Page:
Registered: Apr 2005
Distribution: Arch Linux 64
My first linux experience (long post)
Hi, thought you might want to read this, it's a little tale about how and why I switched to linux.
It was 1998, and I had a P1 166 running windows 98se. Surely the most stable of all the Microsoft releases you say?
well, not for me. It crashed on average twice a day, then i decided I didn't like the front end. It was too....straightforward. Too easy to use. (i can already hear the gasps of 'what do you mean too easy to use? surely thats the point?')
Nope, not for me. I got bored. And I mean BORED. so, time to fiddle I thought...I know lets change the shell...yeah, sounds like a good idea. I also went into the DOS backend and played and looked up, and discovered windows 98's secrets. I learnt how to edit the registry, and cut out all of the uninstalled shite etc. Anyway, back to changing the shell; I had a good look around the web and found the Litestep project. I fell in love with the front end of that. It was just so....cool.
So , I installed it. it seemed like a good idea at the time but was very buggy, but I loved the nextstep menu style, and at the time (I can't remember how) I stumbled into Userfriendly.org. I discovered that there were linux users in there, and they were having great fun with an OS that was just so stable etc. By this time I had found out how to write my own .ini files..yes, I re-wrote them. Windows didn't like this, and one day I was removing a piece of useless software, and it deleted system32.dll. I don't know how, but it did. I re-booted and got that all-time classic:
'General Protection Fault'.
w00t! i thought. I've royally fscked the system!
At this point, I had been down my local market bookstall and discovered the Joys of 'The complete Idiots guide to linux' complete with Caldera 1.3!
I started to read it in bed that night, and was tossing over what to do with my system, whether to re-install and dual-boot, but decided against it, and the following day, I just installed Caldera Linux, with KDE. Wiped the windows install altogether. 'I can live without the games' I thought. I also discovered that i would have to live without an internet connection, due to the fact that it took me nearly 6 months to figure out the hardware layout of the system from linuxes point of view. But, i'm a tryer, and I spent those 6 months playing with it, trying things in the CLI, and learning what the commands did. After those 6 months, I discovered Redhat 6 whilst lurking in a magazine shop one day. It was free with Linux Format (which I still buy to this day), and it found my modem on install and asked if I would like to set up my internet connection. Iwas very impressed at having the internet back at last, and soon found out about UF's IRC channel. I met up with some people on there, and one of them, Alex Hanff, invited me to come up to Lancaster in the UK (I was living in Leicester in the UK), bring my machine, he would teach me a bit about it, and show me his set-up. So, I did. He told me that my install of Redhat was b0rked, and handed me a CD of Slackware 7.0 with the words 'Here, learn linux properly'. He guided me through the install, and getting it's internet set-up, and soon I was a happy slacker. It's been a long and sometimes difficult road since then , with other distro's tried along the way , and 2 more computers since. I also went back to dual-booting windows briefly just so I had a sim-city box, and to find out what shite Microsoft had replaced 98 with. I have learnt linux at the CLI level, and am just as happy in console-only mode as in the GUI. As a test once I set the system back to booting to runlevel 3, and didn't use the GUI for a whole week, and learnt some more of the CLI commands, and even used BitchX and lynx for net use, with wvdial for connecting.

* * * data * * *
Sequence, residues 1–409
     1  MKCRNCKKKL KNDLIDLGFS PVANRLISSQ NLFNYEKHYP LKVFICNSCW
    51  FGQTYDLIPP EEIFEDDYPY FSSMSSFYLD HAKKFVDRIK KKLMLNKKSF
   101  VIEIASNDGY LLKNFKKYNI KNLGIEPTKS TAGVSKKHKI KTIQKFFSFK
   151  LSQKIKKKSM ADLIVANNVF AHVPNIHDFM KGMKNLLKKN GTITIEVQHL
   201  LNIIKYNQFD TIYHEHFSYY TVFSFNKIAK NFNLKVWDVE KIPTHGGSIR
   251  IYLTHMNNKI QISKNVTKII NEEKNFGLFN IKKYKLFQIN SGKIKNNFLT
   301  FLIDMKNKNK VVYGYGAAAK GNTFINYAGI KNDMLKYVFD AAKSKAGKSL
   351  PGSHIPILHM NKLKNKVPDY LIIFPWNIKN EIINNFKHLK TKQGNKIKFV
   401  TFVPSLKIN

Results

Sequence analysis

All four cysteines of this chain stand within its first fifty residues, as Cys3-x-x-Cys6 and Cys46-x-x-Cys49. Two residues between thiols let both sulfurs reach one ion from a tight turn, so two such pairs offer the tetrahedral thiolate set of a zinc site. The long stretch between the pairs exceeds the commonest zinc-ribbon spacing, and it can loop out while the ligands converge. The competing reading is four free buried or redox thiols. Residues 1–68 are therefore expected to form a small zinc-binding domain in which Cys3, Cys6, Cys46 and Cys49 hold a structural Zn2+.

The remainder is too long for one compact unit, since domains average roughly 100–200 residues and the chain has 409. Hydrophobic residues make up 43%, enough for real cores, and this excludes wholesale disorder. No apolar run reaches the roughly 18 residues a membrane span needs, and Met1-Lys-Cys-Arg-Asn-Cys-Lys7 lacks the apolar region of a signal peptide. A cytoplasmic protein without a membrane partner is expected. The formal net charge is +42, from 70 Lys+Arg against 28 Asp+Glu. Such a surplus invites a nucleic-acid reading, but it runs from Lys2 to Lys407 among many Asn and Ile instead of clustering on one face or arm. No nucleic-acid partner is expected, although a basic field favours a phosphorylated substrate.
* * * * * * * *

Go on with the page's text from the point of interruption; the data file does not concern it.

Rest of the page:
I now use ubuntu 64 bit, as this is a box I built myself from a Kit from Komplett. I am very impressed, and now dual boot slamd64 with ubuntu.